I'm not sure you're anything like me.
Lately I've been noticing that when I want to make a purchase I'll fly over to Amazon and read the pros and cons of specific books or pans or hammocks. If Amazon doesn't have it there's always Consumer Reports or online forums or my mother or something.
My husband does not. He wants to test drive it, compare prices, and go.
Because of this sometimes I find him too impulsive and he sighs and hopes I'm done researching before the deals are gone. Marriage is kinda built on putting up with each others little quirks and the occasional nudge into a more common direction.
Anyway, I like reviews. I like recommendations. I want to read the rants and the raves and the comparisons to other things. Personal experience in quantity is what I crave.
The James Beard Foundation put out a list of their baker's dozen (13) essential baking books, and since I just happened to pick up Dorie Greenspan's Baking: from My Home to Yours this week at the library I found it interesting.
I read a lot of baking books. If you ever notice my list of books at the bottom of the page, you'll often see at least one baking or cookbook. Baking...because I'm good at it. And I like carbs a lot. At one time in college I ate nothing but mashed potatoes or waffles. It was easier to circumvent the cafeteria that way. And if I mess up baked goods no one goes hungry and the birds (or dog) have a nice meal. Cooking...because I'm not just not good at it. Too much pressure.
I was very impressed with Greenspan's book. It walks that difficult line between too technical or strange for a home kitchen and too boring because the recipes are already in every book. There were quite a few things I've never made, but most of them seem within reach and looked delicious. It's going on my wishlist.
While I was doing a search to get the title correct for this blog I noticed this list from the James Beard Foundation. It came out in April.
Essential Baking Books According to Some Committee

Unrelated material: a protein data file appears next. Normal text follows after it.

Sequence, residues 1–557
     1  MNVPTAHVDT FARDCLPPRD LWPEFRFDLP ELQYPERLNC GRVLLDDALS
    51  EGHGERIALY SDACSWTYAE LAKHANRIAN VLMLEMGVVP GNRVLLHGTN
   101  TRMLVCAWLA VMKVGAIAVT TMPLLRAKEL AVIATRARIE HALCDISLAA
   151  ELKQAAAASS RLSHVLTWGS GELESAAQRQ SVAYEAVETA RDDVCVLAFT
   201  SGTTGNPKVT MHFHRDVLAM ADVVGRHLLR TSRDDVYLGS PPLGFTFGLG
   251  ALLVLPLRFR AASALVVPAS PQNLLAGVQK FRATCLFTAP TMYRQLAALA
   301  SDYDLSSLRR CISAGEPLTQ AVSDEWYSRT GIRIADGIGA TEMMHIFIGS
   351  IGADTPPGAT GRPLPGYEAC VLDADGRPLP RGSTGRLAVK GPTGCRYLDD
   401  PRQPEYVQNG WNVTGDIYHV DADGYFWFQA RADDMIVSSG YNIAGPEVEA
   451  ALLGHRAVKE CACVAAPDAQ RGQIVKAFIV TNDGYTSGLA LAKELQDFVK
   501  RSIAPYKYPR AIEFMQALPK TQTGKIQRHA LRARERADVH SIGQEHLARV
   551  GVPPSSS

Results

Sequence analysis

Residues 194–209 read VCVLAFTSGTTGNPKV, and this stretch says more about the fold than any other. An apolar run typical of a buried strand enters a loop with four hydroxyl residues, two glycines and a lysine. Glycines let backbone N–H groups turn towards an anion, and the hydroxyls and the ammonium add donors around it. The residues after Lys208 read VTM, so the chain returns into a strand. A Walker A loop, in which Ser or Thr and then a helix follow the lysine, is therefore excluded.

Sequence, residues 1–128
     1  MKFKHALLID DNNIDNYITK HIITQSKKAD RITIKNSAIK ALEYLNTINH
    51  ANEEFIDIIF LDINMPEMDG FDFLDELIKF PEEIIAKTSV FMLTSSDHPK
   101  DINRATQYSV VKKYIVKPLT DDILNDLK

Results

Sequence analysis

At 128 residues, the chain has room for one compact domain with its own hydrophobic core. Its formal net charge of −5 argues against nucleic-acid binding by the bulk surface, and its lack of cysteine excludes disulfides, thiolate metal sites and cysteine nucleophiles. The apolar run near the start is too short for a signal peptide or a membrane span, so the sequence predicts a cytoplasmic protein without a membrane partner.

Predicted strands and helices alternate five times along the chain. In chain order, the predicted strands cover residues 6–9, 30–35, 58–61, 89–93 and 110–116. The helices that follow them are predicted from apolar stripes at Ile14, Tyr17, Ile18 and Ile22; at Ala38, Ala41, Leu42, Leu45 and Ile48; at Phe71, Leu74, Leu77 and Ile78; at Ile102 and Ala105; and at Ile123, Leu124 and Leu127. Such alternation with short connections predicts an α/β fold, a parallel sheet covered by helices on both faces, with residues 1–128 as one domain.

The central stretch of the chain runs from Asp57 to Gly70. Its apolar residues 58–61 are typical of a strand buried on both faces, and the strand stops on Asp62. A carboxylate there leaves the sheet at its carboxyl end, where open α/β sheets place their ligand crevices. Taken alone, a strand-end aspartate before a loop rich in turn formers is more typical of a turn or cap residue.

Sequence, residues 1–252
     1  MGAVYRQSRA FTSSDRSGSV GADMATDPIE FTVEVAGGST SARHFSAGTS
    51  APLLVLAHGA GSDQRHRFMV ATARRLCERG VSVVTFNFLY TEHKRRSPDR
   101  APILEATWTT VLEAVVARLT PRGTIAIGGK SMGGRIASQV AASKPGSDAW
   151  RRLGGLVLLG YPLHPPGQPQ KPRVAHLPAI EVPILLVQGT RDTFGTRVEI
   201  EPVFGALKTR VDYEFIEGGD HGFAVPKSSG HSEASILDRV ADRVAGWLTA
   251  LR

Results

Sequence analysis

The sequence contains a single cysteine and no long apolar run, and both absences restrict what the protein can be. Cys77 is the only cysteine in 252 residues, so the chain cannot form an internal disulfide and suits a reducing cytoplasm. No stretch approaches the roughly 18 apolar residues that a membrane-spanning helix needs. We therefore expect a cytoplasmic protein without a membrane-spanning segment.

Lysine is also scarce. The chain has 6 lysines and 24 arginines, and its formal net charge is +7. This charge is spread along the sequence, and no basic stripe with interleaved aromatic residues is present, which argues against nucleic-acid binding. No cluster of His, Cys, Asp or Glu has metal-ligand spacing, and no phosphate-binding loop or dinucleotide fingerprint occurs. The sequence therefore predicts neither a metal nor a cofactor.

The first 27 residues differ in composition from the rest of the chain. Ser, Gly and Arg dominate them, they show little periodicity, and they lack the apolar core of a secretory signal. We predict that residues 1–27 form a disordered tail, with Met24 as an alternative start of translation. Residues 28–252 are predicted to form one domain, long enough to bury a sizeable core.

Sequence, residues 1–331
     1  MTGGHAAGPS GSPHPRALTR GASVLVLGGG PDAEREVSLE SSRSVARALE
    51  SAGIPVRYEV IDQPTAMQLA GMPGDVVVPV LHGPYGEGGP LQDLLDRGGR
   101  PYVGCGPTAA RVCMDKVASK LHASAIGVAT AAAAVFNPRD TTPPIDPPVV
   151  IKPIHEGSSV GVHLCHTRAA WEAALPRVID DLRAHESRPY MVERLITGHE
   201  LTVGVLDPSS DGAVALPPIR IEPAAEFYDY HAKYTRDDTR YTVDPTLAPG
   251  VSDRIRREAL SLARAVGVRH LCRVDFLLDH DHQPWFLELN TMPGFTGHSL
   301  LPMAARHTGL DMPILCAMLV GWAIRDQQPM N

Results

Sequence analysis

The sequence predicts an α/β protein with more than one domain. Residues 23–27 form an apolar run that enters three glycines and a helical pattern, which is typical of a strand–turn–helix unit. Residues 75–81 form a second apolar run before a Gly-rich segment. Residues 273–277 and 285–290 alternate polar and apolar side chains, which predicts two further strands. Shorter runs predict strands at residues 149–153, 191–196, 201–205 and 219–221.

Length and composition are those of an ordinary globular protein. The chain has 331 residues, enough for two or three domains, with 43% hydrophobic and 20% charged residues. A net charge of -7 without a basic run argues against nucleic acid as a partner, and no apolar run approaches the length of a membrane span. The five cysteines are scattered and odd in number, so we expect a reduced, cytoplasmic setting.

1. Baking: From My Home to Yours by Dorie Greenspan (Houghton Mifflin Harcourt, 2006).
2. Beard on Bread by James Beard (originally published 1973; reprinted by Knopf, 1995).
3. The Book of Great Desserts by Maida Heatter (Andrews McMeel, 1999).
4. The Bread Baker’s Apprentice by Peter Reinhart (Ten Speed, 2001).
5. The Cake Bible by Rose Levy Beranbaum (William Morrow, 1988).
6. Classic Home Desserts by Richard Sax (Houghton Mifflin Harcourt, 2000).
7. Cocolat by Alice Medrich (Warner Books, 1990).
8. The Fannie Farmer Baking Book by Marion Cunningham (Gramercy, 1996).
9. Great Pies and Tarts by Carole Walter (Clarkson Potter, 1998).
10. The Italian Baker by Carol Field (William Morrow, 1985).
11. Martha Stewart’s Cookies by Martha Stewart (Clarkson Potter, 2008).
12. My Bread by Jim Lahey (W.W. Norton, 2009).
13. The Simple Art of Perfect Baking by Flo Braker (Chronicle, 2003).
From these I have The Bread Baker's Apprentice (wonderful for an amateur who's made bread before but wants to take it up a step), and I've read Greenspan's and Beranbaum's books. All well-done. I think I have a challenge on my hands.
Anyone seen baking challenges online lately? People get together and bake through a baking or cookbook and then share their experience. What they liked, what they don't like, what they changed. The gift of human experience. Sounds like something I'd like.